Tracing Twitter to 16th century Rome

The ugliest statue in Rome is not easy to find. Tucked away in an alley off of Piazza Navona, blending in to the unremarkable stone façades of the buildings behind him, Pasquino, a human-shaped stump of marble resting on a pedestal pasted with notes and cartoons, hides in plain sight from most tourists who saunter past on their way to this district’s many renowned restaurants, bars, and cafes. But what is hardly a landmark for travelers is for Italians a symbol of free speech.

I have been thinking about Pasquino a lot lately as I read stories about social media and pseudonyms, the so-called “nym wars.” Social media websites, such as Facebook and Google Plus, have faced criticism for banning users from using pseudonyms on their sites. On the other hand, Twitter has all but embraced anonymity and fake accounts on its service, allowing users to pose as fake politicians, CEOs, and other public figures as a form of satire or a way to air grievances without reprisal. In light of the recent irreverent online reactions to the Italian debt crisis and the resignation of long-time Italian Prime Minister Silvio Berlusconi, some Italian bloggers have referred to Internet critics as “Pasquino digitali,” a term that can be traced back to that ugly statue and its role as a tool of protest during the 16th century.Pasquino, the most famous of Rome’s “talking statues,” has been sounding off against the church, political leaders, and local affairs, for more than 500 years. Uncovered in 1501 in the Parione district, the 3rd-century B.C statue began to speak in the early 16th century shortly after a cardinal affixed some epigrams to its torso and pedestal on the occasion of St. Mark’s Day (April 25). Not long after, Roman citizens, especially those displeased with the corruption of the papacy, took a cue from the cardinal and began secretly to leave poems and verses on Pasquino decrying the actions – or inaction – of those in power. These verses, written in Latin or Roman dialect, came to be known as pasquinate, or pasquinades in English, after the ancient statue (whose own name is of unknown origin). One of the best known pasquinades ever left on Pasquino was directed at Pope Urban VIII Barberini, who is known for ordering the Pantheon stripped of its bronze tiles, which were subsequently melted down and used by the artist Bernini to create a grand baldaquin for St. Peter’s Basilica:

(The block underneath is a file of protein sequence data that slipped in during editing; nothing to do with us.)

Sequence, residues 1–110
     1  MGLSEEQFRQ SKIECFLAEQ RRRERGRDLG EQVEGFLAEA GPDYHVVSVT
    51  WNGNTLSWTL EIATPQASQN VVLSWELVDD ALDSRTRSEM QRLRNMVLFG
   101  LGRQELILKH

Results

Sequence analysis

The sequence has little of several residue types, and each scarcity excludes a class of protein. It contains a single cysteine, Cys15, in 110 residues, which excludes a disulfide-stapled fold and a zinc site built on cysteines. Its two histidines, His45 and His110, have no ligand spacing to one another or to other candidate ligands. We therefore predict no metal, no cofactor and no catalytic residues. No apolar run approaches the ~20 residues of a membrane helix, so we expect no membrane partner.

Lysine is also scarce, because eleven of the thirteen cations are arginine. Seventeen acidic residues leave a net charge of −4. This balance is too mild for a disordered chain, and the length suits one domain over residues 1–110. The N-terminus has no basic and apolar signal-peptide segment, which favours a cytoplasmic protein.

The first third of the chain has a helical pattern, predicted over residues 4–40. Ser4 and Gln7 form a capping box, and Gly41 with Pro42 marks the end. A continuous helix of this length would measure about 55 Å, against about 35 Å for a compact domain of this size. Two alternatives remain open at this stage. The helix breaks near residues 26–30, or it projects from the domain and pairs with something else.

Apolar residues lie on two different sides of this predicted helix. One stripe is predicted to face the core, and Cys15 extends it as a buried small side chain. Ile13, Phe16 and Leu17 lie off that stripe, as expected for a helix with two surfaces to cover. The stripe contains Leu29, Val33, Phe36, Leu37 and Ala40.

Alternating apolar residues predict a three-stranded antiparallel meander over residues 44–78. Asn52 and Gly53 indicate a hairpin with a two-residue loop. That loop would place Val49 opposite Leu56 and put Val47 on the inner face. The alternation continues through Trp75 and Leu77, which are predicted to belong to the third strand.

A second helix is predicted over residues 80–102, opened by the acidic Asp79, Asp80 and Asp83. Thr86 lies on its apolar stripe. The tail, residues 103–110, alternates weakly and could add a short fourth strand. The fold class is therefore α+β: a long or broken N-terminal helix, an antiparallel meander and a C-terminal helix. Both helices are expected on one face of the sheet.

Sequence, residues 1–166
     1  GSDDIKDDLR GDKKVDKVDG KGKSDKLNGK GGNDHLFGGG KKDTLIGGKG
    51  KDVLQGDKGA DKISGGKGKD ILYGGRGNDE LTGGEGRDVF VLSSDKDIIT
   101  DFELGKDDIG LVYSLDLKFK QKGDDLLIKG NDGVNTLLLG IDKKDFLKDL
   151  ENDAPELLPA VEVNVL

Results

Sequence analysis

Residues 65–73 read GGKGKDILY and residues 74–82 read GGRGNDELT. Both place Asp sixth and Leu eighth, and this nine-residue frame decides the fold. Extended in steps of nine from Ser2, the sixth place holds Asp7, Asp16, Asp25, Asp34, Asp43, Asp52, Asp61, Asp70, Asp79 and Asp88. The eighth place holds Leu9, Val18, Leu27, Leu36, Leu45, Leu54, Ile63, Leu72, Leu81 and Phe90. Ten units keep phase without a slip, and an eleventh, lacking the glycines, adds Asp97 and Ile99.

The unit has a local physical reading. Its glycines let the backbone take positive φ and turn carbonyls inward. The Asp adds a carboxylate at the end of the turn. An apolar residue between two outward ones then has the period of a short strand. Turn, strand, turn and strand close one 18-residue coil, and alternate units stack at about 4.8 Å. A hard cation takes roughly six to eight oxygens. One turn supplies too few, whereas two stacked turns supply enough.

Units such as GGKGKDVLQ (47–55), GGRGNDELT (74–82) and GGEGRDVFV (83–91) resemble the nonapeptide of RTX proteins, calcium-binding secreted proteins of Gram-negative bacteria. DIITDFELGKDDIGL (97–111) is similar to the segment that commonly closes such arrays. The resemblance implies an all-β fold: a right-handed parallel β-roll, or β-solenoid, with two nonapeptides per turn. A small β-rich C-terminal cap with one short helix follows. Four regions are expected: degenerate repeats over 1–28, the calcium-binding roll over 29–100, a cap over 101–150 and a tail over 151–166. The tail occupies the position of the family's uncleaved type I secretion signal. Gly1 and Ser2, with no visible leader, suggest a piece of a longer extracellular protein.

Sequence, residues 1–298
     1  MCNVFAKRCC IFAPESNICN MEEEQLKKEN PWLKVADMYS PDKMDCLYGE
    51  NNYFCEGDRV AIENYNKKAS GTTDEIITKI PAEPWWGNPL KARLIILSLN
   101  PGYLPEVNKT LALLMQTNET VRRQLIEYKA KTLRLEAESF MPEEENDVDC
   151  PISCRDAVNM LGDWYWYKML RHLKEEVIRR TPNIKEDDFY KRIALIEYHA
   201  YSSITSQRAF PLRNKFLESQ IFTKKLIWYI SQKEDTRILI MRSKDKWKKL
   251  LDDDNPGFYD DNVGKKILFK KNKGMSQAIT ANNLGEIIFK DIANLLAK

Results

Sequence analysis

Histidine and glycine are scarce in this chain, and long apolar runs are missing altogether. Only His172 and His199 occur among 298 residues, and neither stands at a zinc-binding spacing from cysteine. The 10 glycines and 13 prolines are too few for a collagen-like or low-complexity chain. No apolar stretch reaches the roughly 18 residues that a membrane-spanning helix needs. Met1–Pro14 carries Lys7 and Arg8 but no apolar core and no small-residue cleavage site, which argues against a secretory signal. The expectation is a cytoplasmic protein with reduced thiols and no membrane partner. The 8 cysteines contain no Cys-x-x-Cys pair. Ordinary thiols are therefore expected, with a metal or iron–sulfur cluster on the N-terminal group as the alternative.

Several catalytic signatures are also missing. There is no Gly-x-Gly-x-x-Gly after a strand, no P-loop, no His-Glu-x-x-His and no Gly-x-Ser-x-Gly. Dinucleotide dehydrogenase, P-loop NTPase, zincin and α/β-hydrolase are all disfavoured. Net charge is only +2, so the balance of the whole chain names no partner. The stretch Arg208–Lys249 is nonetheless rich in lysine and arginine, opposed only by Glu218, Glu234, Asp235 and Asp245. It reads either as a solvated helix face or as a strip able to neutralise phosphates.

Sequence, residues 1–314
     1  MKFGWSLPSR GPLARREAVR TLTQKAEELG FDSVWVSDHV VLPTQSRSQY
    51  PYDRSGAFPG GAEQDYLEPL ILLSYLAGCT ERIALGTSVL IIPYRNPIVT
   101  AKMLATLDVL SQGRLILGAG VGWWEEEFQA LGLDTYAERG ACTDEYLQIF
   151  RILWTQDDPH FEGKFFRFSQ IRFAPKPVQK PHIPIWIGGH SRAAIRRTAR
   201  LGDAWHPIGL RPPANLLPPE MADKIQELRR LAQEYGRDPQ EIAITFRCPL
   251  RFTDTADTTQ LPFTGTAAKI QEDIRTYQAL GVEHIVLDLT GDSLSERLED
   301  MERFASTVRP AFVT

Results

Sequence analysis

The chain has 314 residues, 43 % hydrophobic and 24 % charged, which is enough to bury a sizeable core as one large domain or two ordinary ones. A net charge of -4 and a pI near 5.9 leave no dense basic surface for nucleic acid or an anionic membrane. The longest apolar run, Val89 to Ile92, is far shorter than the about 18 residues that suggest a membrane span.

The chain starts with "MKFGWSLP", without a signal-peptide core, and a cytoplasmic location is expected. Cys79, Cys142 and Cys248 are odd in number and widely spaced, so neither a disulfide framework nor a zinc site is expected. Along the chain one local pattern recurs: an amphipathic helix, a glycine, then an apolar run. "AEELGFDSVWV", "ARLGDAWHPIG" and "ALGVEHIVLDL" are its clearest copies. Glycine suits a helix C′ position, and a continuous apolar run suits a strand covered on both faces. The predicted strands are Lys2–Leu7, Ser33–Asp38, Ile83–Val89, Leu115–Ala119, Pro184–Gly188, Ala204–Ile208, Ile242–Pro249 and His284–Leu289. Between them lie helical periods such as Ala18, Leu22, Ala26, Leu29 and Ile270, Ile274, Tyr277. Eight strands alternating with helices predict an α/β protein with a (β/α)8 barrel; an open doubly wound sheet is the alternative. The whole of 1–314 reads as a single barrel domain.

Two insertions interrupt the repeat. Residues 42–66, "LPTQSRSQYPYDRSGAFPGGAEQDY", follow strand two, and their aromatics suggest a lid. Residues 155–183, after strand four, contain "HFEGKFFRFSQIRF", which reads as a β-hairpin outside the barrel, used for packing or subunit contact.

Quod non fecerunt barbari, fecerunt Barberini
(What the Barbarians didn’t do, the Barberini did.)

Pasquino’s success as a bulletin board for anonymous witticisms prompted more statues in Rome to begin talking. At least five other statues in Rome are known to have engaged in “conversations” with Pasquino. The most famous of these copycat statues was Marforio, who regularly posed questions to Pasquino about current events. When the statues’ conversations proved too satirical for the church, Pope Innocent X had Marforio moved to the Capitoline Museums, where he rests silently today.

Almost 500 years have passed since Romans first posted their handwritten protests on Pasquino. Even in the age of digital media, Pasquino’s base is still covered in anti-government poems, snarky asides about enemies, and complaints about community affairs. Many of these are now collected on the blog and shared @pasquinateblog. But travelers who are also passionate about Twitter, Facebook, and Google Plus would do well to pay Pasquino a visit on their next visit to Rome to see social media in its earliest form.

Photo by zak mc/Flickr